Umbrella restores more Oz classics

23 March, 2015 by Don Groves

Umbrella Entertainment is restoring Australian classic Jedda plus Angel Baby and Burke & Wills for re-issue in HD on DVD and VOD platforms as part of an ongoing preservation program.

The distributor is also working with producer Jane Scott and distributor Andrew Pike on an HD version of Scott Hicks’ Shine, and with Scott on Goodbye Paradise.


As part of its restoration program which covers around 200 titles, Umbrella plans to release on one DVD two musical films produced by Peter Clifton, one on The Easybeats’ tour of England in 1967, the other looking at a concert by The Rolling Stones at Sydney Showground in 1966, hosted by DJ Ward ‘’Pally’’ Austin.

Shot in 1955, Jedda was the last film from Australian filmmaker Charles Chauvel, who died four years later. The first Australian feature made in colour, it starred Indigenous actors Robert Tudawali and Ngarla Kunoth in the saga of an Aboriginal woman who is raised as a European after her mother dies during childbirth and becomes fascinated by a tall stranger, a tribal Aboriginal from the bush.

Umbrella founder Jeff Harrison tells IF the film will be released in Australia in May/June and he will arrange international sales, primarily to VOD platforms.

Michael Rymer’s Angel Baby (1981) is a love story of two people with schizophrenia with a cast headed by John Lynch, Jacqueline McKenzie and Colin Friels.

Graeme Clifford’s Burke & Wills (1985) starred Jack Thompson as Robert O’Hara Burke, the explorer who in 1860 vowed to become the first man to cross the Australian continent.

Shine (1996) was released on Blu-ray some years ago but will be available on HD for the first time next month, featuring interviews with Geoffrey Rush, Hicks, Scott and composer David Hirschfelder.

Carl Schultz’s Goodbye Paradise starred Ray Barrett as a disgraced former cop who sets out to find a missing girl, the daughter of a senior politician, and plunges into the Gold Coast’s nightmarish world of corruption, sex, violence, cult religion and dirty politics.

Harrison says each restoration costs “quite a few thousands of dollars” but he can recoup from DVD, VOD and free-to-air sales.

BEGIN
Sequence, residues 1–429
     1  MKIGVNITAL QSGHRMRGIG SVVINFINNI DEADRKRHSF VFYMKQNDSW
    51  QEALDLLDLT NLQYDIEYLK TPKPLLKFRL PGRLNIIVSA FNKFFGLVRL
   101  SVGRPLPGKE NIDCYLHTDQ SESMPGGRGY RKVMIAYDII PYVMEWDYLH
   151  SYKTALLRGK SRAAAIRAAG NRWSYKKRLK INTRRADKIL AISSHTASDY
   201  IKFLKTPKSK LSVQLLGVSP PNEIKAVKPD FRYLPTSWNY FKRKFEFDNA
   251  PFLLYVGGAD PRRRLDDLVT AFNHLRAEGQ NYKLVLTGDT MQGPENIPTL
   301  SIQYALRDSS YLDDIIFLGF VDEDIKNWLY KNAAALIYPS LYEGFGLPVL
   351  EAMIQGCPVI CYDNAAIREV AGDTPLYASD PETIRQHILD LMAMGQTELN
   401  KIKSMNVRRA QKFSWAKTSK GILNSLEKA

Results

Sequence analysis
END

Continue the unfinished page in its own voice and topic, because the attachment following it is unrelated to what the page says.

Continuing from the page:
The ABC commissioned The Easybeats film but more than 20 minutes footage was damaged in the lab and a 35-minute film resulted.

Clifton says, “The ABC insisted we change the title from Somewhere Between Heaven and Woolworths. My father came up with Easy Come, Easy Go, which was painfully metaphorical. The film was never screened on TV in Australia. When we asked the ABC for our materials to be returned they said everything was lost or buried somewhere in vaults or mistakenly binned.

“It would be 45 years before we found the black and white print of the film in San Francisco at a festival of English pop films. The promoters called Oddball were sweet as pie and after a few letters and phone calls returned the print in good grace. With the help of the National Film & Sound Archive, although the film had been cut and spliced in places, we restored the doco to pristine condition in digital hard drive. Easy Come, Easy Go opened the 2012 Sydney Film Festival and received a unanimous standing ovation.”

The Stones film, directed by Chris McCullough, looked at the Stones’ concert through Austin’s role and later screened on the Nine Network under the title What’s on the Flip Side.

Umbrella’s next major theatrical release will be Trespass Against Us, UK director Adam Smith’s debut feature starring Michael Fassbender and Brendan Gleeson, the saga of an outlaw father and son.

Harrison has been discussing a deal with Netflix for its Australian service, which he expects will include The Babadook.